12. Institute of Internal AuditorsKey Objectives of the Risk Management Process Internal auditors should obtain sufficient evidence to satisfy themselves that the five key objectives of the risk management process are being met in order to form an opinion on the adequacy of risk management processes. • Risks arising from business strategies and activities are identified and prioritized. • Management and the board have determined the level of risks acceptable to the organization, including the acceptance of risks designed to accomplish the organization’s strategic plans. • Risk mitigation activities are designed and implemented to reduce, or otherwise manage, risk at levels that were determined to be acceptable to management and the board. • Ongoing monitoring activities are conducted to periodically reassess risk and the effectiveness of controls to manage risk.

  13. Institute of Internal AuditorsKey Objectives of the Risk Management Process Internal auditors should obtain sufficient evidence to satisfy themselves that the five key objectives of the risk management process are being met in order to form an opinion on the adequacy of risk management processes. • Risks arising from business strategies and activities are identified and prioritized. • Management and the board have determined the level of risks acceptable to the organization, including the acceptance of risks designed to accomplish the organization’s strategic plans. • Risk mitigation activities are designed and implemented to reduce, or otherwise manage, risk at levels that were determined to be acceptable to management and the board. • Ongoing monitoring activities are conducted to periodically reassess risk and the effectiveness of controls to manage risk. • Enterprise risk management deficiencies are reported upstream, with serious matters reported to top management and the board.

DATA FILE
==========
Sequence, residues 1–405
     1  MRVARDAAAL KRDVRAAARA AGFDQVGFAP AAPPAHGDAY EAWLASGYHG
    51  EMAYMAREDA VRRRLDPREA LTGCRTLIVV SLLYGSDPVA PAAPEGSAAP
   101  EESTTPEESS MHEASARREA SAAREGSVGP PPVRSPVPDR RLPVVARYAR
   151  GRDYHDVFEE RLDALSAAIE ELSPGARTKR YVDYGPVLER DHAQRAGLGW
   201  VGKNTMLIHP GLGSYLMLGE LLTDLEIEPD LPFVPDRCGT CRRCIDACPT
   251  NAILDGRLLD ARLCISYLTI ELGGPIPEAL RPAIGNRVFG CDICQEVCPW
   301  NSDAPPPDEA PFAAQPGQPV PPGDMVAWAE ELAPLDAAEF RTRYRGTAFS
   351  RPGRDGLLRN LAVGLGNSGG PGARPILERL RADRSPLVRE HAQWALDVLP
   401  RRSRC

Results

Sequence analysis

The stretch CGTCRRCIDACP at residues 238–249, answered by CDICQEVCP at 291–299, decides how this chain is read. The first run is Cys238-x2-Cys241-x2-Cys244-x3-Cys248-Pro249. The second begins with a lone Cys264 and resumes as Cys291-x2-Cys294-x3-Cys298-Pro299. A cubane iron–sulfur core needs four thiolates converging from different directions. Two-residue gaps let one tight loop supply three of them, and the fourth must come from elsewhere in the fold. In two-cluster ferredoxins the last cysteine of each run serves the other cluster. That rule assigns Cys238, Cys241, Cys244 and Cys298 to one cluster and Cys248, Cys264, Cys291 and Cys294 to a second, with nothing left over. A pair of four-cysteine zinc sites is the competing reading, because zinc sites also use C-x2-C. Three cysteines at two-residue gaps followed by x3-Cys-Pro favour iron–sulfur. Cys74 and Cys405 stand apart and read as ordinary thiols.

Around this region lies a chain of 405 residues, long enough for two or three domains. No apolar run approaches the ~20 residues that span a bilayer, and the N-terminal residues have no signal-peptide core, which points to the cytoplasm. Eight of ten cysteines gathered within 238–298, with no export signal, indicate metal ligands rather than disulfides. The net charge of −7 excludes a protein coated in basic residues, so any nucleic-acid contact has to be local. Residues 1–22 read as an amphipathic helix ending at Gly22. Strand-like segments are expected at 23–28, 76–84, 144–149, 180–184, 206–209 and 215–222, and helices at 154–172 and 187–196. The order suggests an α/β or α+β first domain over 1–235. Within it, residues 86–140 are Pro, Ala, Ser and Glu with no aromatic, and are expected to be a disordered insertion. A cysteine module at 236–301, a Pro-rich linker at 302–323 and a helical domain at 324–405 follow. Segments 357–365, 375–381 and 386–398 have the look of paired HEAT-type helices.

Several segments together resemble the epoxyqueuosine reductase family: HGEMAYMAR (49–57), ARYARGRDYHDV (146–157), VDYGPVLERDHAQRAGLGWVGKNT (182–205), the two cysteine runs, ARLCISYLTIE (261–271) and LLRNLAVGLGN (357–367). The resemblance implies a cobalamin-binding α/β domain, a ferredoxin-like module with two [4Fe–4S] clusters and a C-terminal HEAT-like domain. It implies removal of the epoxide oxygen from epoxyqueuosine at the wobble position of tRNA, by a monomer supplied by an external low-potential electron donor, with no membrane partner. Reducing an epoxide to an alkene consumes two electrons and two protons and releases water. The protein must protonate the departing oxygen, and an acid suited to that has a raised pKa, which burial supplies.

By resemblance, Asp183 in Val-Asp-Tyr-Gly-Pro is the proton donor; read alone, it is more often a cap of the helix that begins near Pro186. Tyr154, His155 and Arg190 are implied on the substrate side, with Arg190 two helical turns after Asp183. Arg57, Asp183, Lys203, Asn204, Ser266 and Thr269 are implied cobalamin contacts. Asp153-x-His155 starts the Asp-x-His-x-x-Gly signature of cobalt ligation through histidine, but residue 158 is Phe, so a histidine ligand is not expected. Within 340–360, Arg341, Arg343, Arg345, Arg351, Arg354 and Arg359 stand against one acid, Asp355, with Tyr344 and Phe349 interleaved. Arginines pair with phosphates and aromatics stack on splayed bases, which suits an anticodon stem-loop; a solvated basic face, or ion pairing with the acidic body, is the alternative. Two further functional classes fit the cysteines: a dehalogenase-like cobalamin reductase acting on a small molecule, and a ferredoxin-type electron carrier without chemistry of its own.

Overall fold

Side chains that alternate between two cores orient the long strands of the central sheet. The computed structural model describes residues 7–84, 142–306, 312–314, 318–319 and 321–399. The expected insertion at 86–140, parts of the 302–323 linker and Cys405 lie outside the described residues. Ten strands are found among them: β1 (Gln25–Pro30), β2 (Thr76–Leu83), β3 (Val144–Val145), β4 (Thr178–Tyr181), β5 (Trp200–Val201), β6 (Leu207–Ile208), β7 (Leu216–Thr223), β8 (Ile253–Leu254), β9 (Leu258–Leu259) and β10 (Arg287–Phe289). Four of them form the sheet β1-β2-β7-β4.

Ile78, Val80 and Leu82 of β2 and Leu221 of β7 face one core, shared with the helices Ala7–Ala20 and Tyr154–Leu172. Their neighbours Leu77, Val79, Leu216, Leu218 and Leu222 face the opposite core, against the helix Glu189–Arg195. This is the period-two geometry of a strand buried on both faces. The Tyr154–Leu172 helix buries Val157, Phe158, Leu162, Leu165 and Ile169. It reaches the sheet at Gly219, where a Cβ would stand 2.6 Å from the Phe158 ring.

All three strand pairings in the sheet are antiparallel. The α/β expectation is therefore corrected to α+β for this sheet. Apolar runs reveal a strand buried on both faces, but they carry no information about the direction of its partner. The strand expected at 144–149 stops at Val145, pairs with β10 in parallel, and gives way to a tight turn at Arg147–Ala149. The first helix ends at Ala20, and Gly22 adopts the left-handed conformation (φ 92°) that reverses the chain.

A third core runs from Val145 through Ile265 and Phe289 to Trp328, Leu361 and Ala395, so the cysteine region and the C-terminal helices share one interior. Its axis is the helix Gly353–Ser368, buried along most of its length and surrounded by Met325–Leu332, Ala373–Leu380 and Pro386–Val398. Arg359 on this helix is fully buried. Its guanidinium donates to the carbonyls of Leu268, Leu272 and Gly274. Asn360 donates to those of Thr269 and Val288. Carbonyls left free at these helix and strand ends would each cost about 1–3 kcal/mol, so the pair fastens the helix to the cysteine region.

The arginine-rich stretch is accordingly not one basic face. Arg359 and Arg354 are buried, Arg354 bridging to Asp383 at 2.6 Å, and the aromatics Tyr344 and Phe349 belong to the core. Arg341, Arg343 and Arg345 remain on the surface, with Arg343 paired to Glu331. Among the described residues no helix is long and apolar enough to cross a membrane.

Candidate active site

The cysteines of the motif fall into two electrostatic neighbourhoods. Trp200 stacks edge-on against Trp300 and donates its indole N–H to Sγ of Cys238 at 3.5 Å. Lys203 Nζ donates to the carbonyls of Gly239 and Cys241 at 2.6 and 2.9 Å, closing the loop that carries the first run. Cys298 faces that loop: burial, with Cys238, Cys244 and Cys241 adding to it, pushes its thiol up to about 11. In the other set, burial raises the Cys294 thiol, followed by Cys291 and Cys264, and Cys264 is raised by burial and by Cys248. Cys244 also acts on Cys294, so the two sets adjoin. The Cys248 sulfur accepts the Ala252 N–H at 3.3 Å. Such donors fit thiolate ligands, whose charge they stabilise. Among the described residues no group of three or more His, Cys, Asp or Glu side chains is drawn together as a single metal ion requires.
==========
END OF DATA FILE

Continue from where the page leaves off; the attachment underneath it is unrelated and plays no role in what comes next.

14. IIA’s Risk Management Process Identify and Prioritize Risks

  15. IIA’s Risk Management Process Identify and Prioritize Risks Determine Level of Acceptable Risk

  16. IIA’s Risk Management Process Identify and Prioritize Risks Determine Level of Acceptable Risk Develop Mitigation Activities

  17. IIA’s Risk Management Process Identify and Prioritize Risks Determine Level of Acceptable Risk Develop Mitigation Activities Conduct Ongoing Monitoring

  18. IIA’s Risk Management Process Identify and Prioritize Risks Determine Level of Acceptable Risk Develop Mitigation Activities Conduct Ongoing Monitoring Report Periodically on Risk Management Process

  19. Today’s Organizations Approach Risk Management in Ways That Can Be Broadly Categorized into Five Levels • Level I organizations see little value in proactive risk management. • In Level II organizations, there is general awareness about risk management and some conceptual appreciation for its value in assuring that not all uncertainties become problems. • Level III organizations are aware of risk management and they have set up some mechanisms to monitor risks. • In Level IV, a broader risk management position is created to review “hot” spots, assist in risk assessment within the business units, and keep score. • Level V organization, the CEO believes that risk management should be imbedded in every part of the organization. Business units track their progress against action plans. Training programs are in place. Internal audit evaluates the program to assure that the process is in place and working effectively.

  20. What is TAMUS SIAD Doing? • Formal Presentation to CFO’s – Fall of 2003 • Initial Presentation to the Committee on Audit–December 2003 • AD HOC Discussions with TAMUS Executives • Briefings with CEO’s – Fiscal Year 2004 and 2005 • Preliminary Assessment of ERM Maturity Level – Fall 2004 • Assessment of ERM Maturity Level – Fall 2005 • Presentation to the Committee on Audit - January 2006